Case in point, has anyone ever heard of a manufacturer actually state that the CMOS sensors are superior? No, of course not.

Here's one article regarding CMOS vs CCD:

CMOS PRIMER

If you read articles whose target audience are manufacturers or manufacturers reps, salespeople, etc., you will get a more accurate idea of what CMOS is all about. It is about the integration of CMOS manufacturing in the same process as the supporting systems so that the cost saving for manufacturers is HUGE. The use of CCDs is much more expensive than CMOS.

Major manufacturing and design such as the switch to CMOS from CCDs are made by manufacturers for profit reasons, not quality.

Now, I'm currently downloading the footage from the Panasonic HMC 150 run in a controlled shoot (wedding) and I am anxious to see how it stacks up agains the FX1000. The LCD on the Panasonic is so poor I cannot believe it, by the way. Absolutely horrible. If I were to base my opinion on camera based on how the footage looks through the LCD alone, it would have been gone quickly. I'll keep you posted, I'm anxious to see how this turns out.
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Old June 7th, 2009, 05:36 PM   #72
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Thanks Jeff, I didn't know that about the warranty. I purchaced the extended warranty that B&H offered.

By the way I was wrong about the mic jack, it's the headphone jack that's bad. I may not even worry about that.
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Old June 7th, 2009, 05:41 PM   #73
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I rarely use headphones except on the camera with the wireless.

I find the onboard audio of the FX1000 so superior I rarely even run a shotgun at a reception; I am in love with the audio quality of these cameras.
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Old June 7th, 2009, 06:26 PM   #74
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Jeff,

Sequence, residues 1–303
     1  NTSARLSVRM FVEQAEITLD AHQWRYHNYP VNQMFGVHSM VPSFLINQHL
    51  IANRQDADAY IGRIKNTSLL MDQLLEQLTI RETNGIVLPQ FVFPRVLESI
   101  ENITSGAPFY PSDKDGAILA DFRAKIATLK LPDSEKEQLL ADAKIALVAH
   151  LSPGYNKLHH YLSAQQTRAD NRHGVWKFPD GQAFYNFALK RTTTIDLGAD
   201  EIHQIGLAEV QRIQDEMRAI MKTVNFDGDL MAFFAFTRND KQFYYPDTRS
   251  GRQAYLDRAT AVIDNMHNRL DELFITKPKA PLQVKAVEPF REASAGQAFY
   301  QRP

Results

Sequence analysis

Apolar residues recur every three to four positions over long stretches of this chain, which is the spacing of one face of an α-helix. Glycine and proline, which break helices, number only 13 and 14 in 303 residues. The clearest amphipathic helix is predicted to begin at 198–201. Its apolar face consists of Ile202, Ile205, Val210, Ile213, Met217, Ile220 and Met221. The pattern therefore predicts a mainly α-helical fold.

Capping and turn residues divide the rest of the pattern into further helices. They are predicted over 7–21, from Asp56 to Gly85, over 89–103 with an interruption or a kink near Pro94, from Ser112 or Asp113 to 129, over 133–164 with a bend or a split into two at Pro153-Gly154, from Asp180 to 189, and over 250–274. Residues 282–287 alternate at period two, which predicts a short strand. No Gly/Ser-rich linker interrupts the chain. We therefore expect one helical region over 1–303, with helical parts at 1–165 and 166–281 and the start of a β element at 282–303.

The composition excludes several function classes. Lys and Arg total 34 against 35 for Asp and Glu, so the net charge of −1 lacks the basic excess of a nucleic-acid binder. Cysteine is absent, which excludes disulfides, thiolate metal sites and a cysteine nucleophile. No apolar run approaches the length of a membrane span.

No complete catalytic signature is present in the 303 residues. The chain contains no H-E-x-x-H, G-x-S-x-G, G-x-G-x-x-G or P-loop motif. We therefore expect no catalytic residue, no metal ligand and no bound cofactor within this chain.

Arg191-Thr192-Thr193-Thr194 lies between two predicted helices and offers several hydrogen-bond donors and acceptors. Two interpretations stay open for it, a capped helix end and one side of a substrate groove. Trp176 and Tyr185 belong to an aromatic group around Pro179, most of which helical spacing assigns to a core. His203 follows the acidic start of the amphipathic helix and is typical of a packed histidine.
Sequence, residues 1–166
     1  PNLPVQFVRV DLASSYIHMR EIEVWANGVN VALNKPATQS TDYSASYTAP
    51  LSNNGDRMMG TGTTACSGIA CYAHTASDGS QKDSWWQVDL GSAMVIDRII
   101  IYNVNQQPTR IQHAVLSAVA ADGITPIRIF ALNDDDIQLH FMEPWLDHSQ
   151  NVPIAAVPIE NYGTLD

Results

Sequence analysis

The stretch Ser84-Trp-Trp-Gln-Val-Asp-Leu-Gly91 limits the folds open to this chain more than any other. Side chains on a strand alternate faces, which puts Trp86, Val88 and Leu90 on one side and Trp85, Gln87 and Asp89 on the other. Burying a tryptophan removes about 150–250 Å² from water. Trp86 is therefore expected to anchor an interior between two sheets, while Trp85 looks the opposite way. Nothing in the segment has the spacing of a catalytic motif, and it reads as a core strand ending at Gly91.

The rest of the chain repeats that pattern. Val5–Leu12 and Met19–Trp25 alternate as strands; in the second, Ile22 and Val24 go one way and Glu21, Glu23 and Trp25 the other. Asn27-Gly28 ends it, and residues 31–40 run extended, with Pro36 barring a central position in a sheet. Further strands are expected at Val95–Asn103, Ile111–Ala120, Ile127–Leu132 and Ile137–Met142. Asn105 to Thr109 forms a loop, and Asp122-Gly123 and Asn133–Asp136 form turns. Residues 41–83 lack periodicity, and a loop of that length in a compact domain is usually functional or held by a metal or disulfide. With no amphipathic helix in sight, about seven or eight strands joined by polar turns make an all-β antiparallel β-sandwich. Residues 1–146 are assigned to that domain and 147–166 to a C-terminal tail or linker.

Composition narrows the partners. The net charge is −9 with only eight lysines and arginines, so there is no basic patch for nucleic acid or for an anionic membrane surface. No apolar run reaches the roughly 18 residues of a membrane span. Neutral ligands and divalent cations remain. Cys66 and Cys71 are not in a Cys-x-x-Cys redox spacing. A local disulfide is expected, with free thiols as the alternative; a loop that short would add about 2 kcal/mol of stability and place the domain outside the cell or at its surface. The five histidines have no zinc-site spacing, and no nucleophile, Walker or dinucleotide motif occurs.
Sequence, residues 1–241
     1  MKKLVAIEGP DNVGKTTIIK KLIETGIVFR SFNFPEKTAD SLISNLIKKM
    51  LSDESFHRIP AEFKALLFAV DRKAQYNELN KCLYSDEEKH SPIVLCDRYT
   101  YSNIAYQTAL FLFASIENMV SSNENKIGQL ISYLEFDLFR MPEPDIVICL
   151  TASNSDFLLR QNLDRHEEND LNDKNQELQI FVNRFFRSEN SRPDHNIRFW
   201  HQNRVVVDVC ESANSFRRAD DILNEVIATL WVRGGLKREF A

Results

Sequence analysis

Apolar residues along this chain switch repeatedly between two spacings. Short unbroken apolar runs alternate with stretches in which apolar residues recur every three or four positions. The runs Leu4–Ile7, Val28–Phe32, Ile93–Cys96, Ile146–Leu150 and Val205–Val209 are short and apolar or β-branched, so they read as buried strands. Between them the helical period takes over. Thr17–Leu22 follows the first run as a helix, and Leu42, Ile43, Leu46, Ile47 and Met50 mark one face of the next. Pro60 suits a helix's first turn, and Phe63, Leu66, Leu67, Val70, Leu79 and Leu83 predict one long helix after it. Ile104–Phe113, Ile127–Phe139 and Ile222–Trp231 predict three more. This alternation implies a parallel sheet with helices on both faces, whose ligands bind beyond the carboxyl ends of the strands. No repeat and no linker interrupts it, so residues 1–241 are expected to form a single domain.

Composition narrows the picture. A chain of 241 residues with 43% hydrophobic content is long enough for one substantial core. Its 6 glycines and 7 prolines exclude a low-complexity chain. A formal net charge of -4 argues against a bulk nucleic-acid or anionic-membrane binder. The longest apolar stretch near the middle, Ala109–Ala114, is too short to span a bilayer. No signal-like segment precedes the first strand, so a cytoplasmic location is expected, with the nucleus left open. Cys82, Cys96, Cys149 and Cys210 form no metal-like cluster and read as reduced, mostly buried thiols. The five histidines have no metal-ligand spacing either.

you seem to have missed the main point in the article you referenced. I quote
"Pixel Addressibility - CCDs use of the bucket brigade to transfer pixel values means that individual pixels in a CCD cannot be read individually. CMOS imagers on the other hand have the pixels in an x-y grid allowing pixels to be read individually. This means that CMOS imagers will be able to do functions such as "windowing", where only a small sample of the imager is read, image stabilization to remove jitters from camcorders, motion tracking and other advanced imaging techniques internally that CCDs cannot do."
Bucket brigade format of CCD's leads to the streaking that we are all aware of with a bright light. This is non existent for CMOS. Individual pixel read out of CMOS is the main technology advantage of CMOS over CCD and with the current Sony CMOS in the XR500/520 they have improved even further. This allows the DSP in the camera to increase the latitude/dynamic range of the array to the point that is impossible with CCD's. Allows face recognition easily, black stretch and knee controls in consumer cameras etc etc. Yes they are lower cost because they can include other technology on the same piece of silicon( amplifiers and DSP processing etc)to change the way the pixels are read and processed that is advantages in every possible way. The manufacturing equipment is also the same as other computer technologies so there are further savings. I am sorry to present this but it is the same as vinyl/CD disc issue all again. CMOS is cheaper and better when processed and implemented to advantage. Just like audio it is possible to make a really cheap poor CMOS imager just like a really cheap poor CD of audio. In reality neither the cheap CMOS or the cheap audio CD is as bad as a cheap vinyl disc or cheap CCD imager. Technology has moved on.

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Old June 7th, 2009, 07:27 PM   #75
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Ron, no one is disputing CMOS is here to say and the way it is going to be. It is and will be.

Anyway the main point of the article I read was different than the one you read.